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Santa Rosa preschool celebrates World Down Syndrome Day

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On a drizzly Wednesday morning inside a classroom off Airway Drive in Santa Rosa, a crowd of preschoolers clambered to grab seats on carpet squares and tiny wooden chairs.

The Lattice Educational Achievement Preschool kids were set to have an assembly led by the moms of two of their classmates: James O’Leary and Annalise Hunter, both 4, and both clad in blue and gold for the occasion.

Wednesday was World Down Syndrome Day, held each March 21 to raise awareness about what it means to have Down syndrome and what causes it: a triplication of the 21st chromosome.

According to the Centers for Disease Control, one of every 700 children is born with Down syndrome, like James and Annalise were. That’s about 6,000 babies born in the U.S. annually with the chromosomal disorder.

The blue and gold colors are part of a national Down Syndrome awareness campaign, and mothers Larkin O’Leary and Jessica Hunter thought it would be the perfect opportunity to talk to their children’s classmates about what makes James and Annalise different.

“(We want to show) how easily it can be accepted in a community when kids from the very start are introduced to it, are taught about differences in strengths and how we all have them,” O’Leary said.

Both the O’Leary and Hunter families chose LEAP for its inclusive classrooms, which place James and Annalise alongside their peers in a normal learning environment, with special help when they need it.

While some parents prefer to place their children in special day classes, inclusive classes are becoming more readily available, said Michele Rogers, executive director of the Rohnert Park-based Early Learning Institute, a nonprofit that supports families with young children.

“It can be good for a child with Down syndrome, but it’s also good for (other children in the class),” she said. “It broadens their view of how many different people there are in the world, and how each person impacts their community.”

That understanding is what O’Leary and Hunter aimed to teach the few dozen preschoolers, using different exercises to show the difficulties kids with Down syndrome face.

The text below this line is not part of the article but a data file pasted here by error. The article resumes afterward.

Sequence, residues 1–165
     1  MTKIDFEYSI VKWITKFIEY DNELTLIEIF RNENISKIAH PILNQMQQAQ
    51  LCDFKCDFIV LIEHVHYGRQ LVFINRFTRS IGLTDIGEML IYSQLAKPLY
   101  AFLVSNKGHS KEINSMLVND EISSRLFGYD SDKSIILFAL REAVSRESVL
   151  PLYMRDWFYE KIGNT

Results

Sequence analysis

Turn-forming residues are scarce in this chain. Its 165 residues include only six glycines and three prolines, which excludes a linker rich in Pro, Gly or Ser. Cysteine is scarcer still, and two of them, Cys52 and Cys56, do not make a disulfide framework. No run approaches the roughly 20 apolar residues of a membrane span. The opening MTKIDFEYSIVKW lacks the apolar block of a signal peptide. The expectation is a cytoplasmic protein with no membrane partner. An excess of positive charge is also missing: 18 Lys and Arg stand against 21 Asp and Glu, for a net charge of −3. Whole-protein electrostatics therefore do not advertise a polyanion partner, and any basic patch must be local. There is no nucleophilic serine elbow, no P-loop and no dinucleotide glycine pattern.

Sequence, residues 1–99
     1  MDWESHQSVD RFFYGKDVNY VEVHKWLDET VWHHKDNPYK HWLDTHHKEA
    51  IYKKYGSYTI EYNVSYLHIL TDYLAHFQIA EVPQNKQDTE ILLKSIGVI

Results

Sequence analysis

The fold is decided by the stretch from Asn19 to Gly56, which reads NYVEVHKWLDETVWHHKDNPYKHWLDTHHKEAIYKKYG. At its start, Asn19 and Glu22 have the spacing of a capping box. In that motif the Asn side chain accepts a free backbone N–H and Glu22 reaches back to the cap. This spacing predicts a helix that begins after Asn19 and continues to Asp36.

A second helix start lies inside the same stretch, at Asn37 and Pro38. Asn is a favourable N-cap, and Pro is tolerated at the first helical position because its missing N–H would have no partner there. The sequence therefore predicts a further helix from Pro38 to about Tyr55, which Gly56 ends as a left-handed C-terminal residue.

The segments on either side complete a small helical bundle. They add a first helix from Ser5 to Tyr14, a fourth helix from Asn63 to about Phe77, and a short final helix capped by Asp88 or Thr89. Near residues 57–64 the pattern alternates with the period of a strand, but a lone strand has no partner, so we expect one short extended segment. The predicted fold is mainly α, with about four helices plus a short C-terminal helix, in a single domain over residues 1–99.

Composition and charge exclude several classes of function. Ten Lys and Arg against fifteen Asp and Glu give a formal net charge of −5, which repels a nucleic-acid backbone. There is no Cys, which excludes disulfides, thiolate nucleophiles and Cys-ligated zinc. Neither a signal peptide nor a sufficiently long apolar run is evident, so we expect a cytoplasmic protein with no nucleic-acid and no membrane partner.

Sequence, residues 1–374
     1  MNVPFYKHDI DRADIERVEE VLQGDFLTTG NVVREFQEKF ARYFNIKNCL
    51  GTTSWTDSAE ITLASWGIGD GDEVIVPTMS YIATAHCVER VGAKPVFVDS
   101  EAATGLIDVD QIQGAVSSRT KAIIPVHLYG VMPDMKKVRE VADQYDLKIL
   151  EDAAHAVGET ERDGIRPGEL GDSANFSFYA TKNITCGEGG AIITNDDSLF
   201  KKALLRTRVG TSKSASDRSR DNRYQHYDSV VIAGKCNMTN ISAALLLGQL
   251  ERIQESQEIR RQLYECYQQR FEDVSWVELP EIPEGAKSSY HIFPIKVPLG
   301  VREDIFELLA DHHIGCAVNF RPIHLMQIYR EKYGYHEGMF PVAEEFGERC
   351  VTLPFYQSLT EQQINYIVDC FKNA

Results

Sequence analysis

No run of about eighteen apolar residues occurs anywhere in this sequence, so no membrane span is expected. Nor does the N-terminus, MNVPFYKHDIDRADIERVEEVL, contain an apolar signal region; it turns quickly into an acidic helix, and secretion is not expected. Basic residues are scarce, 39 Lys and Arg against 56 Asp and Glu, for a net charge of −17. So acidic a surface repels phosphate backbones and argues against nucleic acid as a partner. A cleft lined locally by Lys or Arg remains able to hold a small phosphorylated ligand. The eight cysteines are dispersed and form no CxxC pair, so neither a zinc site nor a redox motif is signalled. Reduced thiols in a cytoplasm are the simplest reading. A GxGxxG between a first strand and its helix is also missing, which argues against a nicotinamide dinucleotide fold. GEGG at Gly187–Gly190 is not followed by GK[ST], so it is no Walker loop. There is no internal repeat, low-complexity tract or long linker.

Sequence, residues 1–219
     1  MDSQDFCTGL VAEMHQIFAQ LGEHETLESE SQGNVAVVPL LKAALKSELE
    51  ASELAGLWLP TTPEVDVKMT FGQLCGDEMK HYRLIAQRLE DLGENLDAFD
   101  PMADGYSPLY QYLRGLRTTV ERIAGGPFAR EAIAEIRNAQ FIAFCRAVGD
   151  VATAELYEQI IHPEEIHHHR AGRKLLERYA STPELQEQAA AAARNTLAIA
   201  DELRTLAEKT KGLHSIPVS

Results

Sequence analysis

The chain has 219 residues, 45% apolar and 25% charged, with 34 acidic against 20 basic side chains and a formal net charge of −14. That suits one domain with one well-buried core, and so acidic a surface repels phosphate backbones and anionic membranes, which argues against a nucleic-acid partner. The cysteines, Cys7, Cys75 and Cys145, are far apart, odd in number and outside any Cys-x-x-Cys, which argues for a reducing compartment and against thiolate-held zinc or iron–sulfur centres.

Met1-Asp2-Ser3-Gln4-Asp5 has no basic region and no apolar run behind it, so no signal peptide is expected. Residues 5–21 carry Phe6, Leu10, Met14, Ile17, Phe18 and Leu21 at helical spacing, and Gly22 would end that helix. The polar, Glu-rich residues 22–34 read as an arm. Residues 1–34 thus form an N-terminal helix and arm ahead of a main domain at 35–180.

First, O’Leary read “We’ll Paint the Octopus Read,” a book about a little girl whose baby brother is diagnosed with Down syndrome. Then, the students were asked to try to speak with marshmallows in their mouths, to show how difficult talking can be for children with Down syndrome, who typically have weaker mouth muscles. In another exercise, the kids tried drawing while wearing socks on their hands to limit their fine motor skills, which develop more slowly in children with Down syndrome.

Most gave up on that idea pretty quickly.

“It’s too hard,” declared 3-year-old Parker McMillian.

Leah Alman, a teacher at LEAP, explained that was the whole point.

“Sometimes things are hard for other friends when they aren’t hard for us,” she said. “So next time James is coloring, should we help him?”

The preschoolers agreed they probably should.

“Part of the mission of our program is not only for kids with special needs to be able to be around their peers, but for our children without a disability to understand that we’re all a little different,” said Nancy Alcott, executive director of Lattice Educational Services, which runs LEAP.

“The mission is for all of our kids to get a better understanding of each other, so it’s not just our kids with special needs that are going to benefit, but all kids are going to benefit from inclusion.”

You can reach Staff Writer Christi Warren at 707-521-5205 or christi.warren@pressdemocrat.com. On Twitter @SeaWarren.

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